Paralyzed Soldier to Skydive for a Good Cause

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Adam Langley, 35, who was paralyzed after a skydiving accident, will take the plunge again for a good cause.

Langley, a former Army paratrooper, suffered a spinal injury during a military exercise in Africa in 2002. Now, Langley will participate in a ‘comeback jump‘ to raise money for Southport Hospital’s spinal care unit. The Liverpool hospital cared for Langley after his accident. “I witnessed first-hand the incredible work they carry out and I really want to give something back,” Langley said.

Langley was incapacitated for six months after his parachute failed to open during a dive.

“I was lucky enough to make a full recovery and live a normal life but I want to help those less fortunate by assisting with funding the Center at Southport,” Langley said. Langley, who hopes to raise upwards of £500 for the Southport & Ormskirk Hospital NHS Trust Charitable Fund, said people have been incredibly generous on his JustGiving fundraising page. “Despite being an NHS center, they rely on funding to provide things such as equipment for the many extra activities that they carry out, as well as providing children with spinal injuries facilities to go and participate in sports and social clubs and so on,” Langley said.

A father of two, Langley needed his doctor’s consent before skydiving again.

“I was finally told on Friday that I could do it. So now I have mixed emotions. I’m excited, among other things,” he said. Southport & Ormskirk Hospital NHS Trust Charitable Fund prides itself on looking after patient welfare, staff education, and equipment at Southport & Ormskirk Hospital sites. “We rely on the generosity of patients, their relatives and others who have benefited from or are appreciative of the care and facilities provided by the hospitals,” the hospital’s site says. Natalie O’Neil, from Farnworth in Manchester, will also take part in an 11,000 ft parachute jump to raise money for Breast Cancer Care, a UK breast cancer charity.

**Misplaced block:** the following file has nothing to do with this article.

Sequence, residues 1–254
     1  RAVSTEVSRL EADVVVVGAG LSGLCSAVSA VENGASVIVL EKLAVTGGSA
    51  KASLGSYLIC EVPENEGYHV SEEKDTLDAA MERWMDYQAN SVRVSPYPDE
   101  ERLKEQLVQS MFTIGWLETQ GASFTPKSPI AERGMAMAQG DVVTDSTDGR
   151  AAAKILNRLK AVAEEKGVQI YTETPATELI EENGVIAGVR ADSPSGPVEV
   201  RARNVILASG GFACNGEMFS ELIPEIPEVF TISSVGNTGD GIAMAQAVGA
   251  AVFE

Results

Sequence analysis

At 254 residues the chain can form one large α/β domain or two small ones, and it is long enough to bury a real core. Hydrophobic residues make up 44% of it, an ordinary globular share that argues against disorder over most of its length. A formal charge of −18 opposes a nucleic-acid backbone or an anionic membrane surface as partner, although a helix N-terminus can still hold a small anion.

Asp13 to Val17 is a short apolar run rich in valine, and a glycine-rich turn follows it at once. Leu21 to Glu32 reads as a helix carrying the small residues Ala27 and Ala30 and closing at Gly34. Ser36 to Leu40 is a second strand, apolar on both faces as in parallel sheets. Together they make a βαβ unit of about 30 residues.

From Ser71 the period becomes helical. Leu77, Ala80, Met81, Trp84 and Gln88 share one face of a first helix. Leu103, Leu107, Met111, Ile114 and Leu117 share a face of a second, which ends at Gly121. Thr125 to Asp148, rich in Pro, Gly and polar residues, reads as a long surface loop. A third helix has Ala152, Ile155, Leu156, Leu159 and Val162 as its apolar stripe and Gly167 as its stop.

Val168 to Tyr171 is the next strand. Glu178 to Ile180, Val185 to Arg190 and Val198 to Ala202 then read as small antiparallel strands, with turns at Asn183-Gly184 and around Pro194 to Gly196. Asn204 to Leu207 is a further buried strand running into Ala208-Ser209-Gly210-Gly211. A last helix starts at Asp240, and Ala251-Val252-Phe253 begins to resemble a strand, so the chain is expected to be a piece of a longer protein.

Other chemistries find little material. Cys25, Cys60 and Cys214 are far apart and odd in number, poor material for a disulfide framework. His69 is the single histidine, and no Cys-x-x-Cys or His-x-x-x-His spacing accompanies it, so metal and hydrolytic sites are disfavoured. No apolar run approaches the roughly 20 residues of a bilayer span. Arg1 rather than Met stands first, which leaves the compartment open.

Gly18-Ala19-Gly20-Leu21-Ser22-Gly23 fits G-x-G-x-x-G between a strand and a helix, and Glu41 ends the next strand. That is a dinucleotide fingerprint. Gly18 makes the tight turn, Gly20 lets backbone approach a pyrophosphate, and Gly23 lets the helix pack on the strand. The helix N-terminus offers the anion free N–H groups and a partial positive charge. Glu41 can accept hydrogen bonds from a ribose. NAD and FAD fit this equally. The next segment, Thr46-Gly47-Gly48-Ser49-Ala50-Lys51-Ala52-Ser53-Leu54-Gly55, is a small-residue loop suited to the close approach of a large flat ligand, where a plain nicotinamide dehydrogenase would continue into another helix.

O’Neill said she wanted to ‘give something back’ after doctors saved her sister Danielle’s life.

“It’s just the daily struggle of being poorly and weak with the chemo, it’s heartbreaking, cancer is scary in itself, just hearing the word terrifies people, and because of the fact we lost our dad, it really terrifies us, because I don’t want to be losing a sister as well,” said O’Neill. Danielle, 36, was diagnosed with breast cancer in 2015 while pregnant. She gave birth to a baby girl two months early in order to undergo chemotherapy after a partial mastectomy. Recently, she had her other breast removed as a precaution since she is genetically predisposed to breast cancer.

O’Neill said she wanted to thank those who cared for her sister by raising money for breast cancer care.

“I wanted to do this because of all the support she has had from the doctors and nurses. I just wanted to give something back, so I decided to do a skydive to raise a little bit of money to give back,” O’Neill said. She will take the plunge on July 8. “It sounds odd, but I’m not nervous, it’s something I have always wanted to do, so I’m properly excited to do it.”

Adding that ‘it would mean the world’ if she can meet her £500 fundraising goal.

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